Saturday, October 30, 2010

Boil those yeggs hard

Manning is fighting for his life. He and a killer with a gun are going at it, street fighting on the deck of a boat, in a desperate struggle to kill the other. They're in the Gulf of Mexico on the Ballerina, a 37-foot sailboat. They both fall overboard, sinking into the water, still fighting. Manning breaks free and goes to the surface, thinking his enemy, Barclay, has drowned. He watches helplessly as The Ballerina drifts away from him.

Then, as described by Charles Williams in his 1955 book, Gulf Coast Girl, Manning tells his story:
I had forgotten about Barclay.

He came to the surface of the sea forty yards away. He was drowning--drowning in a waterlogged tweed jacket with a gun in his hand as if he would no more have parted with either of them than he would have condescended to notice the existence of the Gulf of Mexico when he was busy trying to kill me. I forgot even to be afraid, watching him. It was fantastic.

He would go under. The gun would reappear first, held above his head, and then his face; the broken jaw agape and water running out of his mouth. He would calmly tilt the gun barrel down to let the water run out so it wouldn't explode when he fired, and then he'd shoot. His aim was wild because of his exertions to keep himself afloat long enough to fire. The bullet would ricochet off a swell and go screaming into the blue emptiness behind me, and the ejected shell would whistle into the water on his right. He would go under. And then fight his way back to the surface to do it all over again. There was something utterly magnificent about it, and I didn't hate him any more. I forgot I was the one he was shooting at.

He shot three more times. The fourth time he didn't quite make it. The gun came up out of the water and then sank back and there was an explosion just under the surface as he pulled the trigger while it was submerged. He never came up again.

I was alone now. I looked around. The Ballerina was far out on the horizon, still going away.
Williams had a way with visual writing. The scene reads like a movie scenario. It's fitting, because for a time he also wrote screenplays.

Charles Williams wrote hard-boiled novels. Gulf Coast Girl, the re-named paperback edition, called Scorpion Reef in its hardcover appearance, contains all of the noir elements of the genre. It has a tough hero, it has a beautiful woman with a secret and a dead husband. It has a couple of killers who are looking for a plane downed in the Gulf, carrying $750,000 worth of diamonds. It doesn't need a lot of characters, because the plot is kept simple. It's the characters we care about.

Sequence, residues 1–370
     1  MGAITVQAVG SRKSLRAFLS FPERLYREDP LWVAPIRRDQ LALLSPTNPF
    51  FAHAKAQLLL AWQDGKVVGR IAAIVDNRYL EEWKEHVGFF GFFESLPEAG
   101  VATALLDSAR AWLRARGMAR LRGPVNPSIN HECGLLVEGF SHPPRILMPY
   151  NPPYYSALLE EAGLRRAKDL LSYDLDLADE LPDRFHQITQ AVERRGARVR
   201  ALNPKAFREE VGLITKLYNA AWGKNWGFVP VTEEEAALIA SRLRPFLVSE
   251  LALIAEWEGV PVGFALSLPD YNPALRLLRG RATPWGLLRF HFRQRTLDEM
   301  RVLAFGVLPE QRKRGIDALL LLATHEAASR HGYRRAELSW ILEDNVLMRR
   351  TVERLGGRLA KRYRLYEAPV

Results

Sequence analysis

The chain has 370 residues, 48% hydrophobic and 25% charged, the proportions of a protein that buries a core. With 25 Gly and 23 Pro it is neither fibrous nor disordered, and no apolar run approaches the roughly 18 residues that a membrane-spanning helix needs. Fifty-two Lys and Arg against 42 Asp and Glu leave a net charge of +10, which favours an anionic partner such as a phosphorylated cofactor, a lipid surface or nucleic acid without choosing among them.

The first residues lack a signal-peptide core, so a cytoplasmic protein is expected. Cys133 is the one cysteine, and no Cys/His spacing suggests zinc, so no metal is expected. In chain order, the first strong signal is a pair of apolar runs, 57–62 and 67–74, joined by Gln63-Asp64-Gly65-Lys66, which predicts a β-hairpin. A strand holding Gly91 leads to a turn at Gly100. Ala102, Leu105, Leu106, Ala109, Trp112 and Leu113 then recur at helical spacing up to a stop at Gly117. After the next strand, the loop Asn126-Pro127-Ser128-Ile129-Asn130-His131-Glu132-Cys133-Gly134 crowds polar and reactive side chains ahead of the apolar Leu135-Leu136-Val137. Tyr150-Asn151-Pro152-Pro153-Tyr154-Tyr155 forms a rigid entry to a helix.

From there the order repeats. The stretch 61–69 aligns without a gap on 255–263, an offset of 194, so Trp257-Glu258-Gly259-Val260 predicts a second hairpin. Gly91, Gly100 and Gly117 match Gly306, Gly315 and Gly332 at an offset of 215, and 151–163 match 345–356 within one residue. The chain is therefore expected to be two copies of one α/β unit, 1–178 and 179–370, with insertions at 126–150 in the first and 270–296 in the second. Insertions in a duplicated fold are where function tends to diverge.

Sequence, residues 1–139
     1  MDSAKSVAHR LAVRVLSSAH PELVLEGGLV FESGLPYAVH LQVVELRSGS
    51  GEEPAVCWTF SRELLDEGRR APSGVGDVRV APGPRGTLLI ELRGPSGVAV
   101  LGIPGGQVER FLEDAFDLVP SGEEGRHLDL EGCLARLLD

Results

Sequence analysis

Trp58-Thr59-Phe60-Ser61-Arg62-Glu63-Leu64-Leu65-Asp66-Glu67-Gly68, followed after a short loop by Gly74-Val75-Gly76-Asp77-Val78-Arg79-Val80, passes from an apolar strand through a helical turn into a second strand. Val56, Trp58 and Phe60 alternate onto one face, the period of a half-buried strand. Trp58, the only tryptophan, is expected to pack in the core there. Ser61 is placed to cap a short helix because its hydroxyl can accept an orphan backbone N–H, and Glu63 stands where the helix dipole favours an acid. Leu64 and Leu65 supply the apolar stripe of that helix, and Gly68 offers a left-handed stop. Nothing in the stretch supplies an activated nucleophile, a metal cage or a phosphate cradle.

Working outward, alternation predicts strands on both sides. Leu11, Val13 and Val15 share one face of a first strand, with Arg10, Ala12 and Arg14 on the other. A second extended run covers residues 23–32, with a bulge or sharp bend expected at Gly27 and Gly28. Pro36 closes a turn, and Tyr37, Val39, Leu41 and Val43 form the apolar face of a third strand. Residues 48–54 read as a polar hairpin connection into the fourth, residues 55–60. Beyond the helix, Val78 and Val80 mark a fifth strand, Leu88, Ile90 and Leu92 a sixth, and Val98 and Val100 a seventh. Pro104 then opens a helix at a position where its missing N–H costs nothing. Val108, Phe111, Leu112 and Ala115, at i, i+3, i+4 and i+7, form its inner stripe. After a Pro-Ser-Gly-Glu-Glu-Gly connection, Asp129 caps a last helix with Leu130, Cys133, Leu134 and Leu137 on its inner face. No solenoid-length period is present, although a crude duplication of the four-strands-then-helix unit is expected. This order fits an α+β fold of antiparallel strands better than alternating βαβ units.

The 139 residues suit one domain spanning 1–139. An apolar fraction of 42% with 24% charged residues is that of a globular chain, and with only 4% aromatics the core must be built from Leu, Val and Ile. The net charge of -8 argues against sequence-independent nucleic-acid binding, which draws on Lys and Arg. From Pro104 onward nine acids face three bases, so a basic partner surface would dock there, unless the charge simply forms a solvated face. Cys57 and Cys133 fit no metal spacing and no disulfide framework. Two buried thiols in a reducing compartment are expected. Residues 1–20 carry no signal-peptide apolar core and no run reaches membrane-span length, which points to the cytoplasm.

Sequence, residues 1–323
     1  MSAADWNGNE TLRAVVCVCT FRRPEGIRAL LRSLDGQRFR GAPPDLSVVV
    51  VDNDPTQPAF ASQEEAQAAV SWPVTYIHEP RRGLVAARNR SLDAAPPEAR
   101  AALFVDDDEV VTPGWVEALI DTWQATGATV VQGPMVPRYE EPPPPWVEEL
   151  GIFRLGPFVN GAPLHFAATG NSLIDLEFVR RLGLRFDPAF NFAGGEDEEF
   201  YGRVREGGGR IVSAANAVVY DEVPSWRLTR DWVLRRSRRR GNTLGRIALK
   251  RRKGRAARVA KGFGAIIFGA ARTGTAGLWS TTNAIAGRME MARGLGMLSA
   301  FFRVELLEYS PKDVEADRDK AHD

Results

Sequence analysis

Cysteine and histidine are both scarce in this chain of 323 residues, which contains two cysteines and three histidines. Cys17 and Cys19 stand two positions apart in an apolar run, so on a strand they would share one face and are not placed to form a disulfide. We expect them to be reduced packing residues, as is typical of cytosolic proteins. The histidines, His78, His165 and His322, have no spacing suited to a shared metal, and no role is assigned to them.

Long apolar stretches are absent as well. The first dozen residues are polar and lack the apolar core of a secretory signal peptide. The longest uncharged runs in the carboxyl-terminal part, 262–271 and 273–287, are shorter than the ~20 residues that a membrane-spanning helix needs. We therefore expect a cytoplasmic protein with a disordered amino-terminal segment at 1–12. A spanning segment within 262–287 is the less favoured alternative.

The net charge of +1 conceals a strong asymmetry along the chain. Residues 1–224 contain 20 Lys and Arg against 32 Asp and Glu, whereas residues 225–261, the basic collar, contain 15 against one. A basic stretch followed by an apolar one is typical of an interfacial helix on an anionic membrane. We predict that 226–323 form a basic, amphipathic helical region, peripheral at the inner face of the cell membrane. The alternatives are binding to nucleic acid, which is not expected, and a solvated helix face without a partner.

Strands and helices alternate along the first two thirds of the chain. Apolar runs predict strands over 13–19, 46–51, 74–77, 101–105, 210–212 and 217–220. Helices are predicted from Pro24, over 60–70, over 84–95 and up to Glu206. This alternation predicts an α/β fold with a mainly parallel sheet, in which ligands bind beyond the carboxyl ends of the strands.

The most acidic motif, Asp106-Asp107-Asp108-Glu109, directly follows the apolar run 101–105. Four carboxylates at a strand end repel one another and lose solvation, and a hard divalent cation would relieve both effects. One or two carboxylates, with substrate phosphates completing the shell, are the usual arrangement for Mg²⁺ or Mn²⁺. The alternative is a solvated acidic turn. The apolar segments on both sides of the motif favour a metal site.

Several American writers of the hard-boiled/noir school are idolized in Europe, like Williams now barely known in the U.S. where they wrote and published. The novels are symbolic of an American culture that exists below the surface, and Americans, like lone characters from the Wild West, who favor direct action. It's a shame a novel like Gulf Coast Girl is not in print today. Very few of Williams' works are still in print and available in the U.S.

There's a Wikipedia article on Williams, biography and bibliography. According to the article, Williams was born in 1909, and died a suicide in 1975.

2 comments:

Kirk Jusko said...

Count me as one who had never heard of Charles Williams, and was surprised there was so much about him on Wiki-pedia (maybe I shouldn't have been; they seem to rescue a lot of former notables from obscurity.) I like the idea of somebody trying to kill another when he really should be trying to save his own selve from drowning, and the intended victim finding this so fascinating, he doesn't even try to flee. I'm going to have to seek this writer out.

El Postino said...

I thought the scene was so cinematic. Speaking for me, that's not what I'd be doing if I fell overboard in a struggle and was still being attacked.

Williams was a very popular writer of paperback originals, but mostly out of print now, and I wonder why.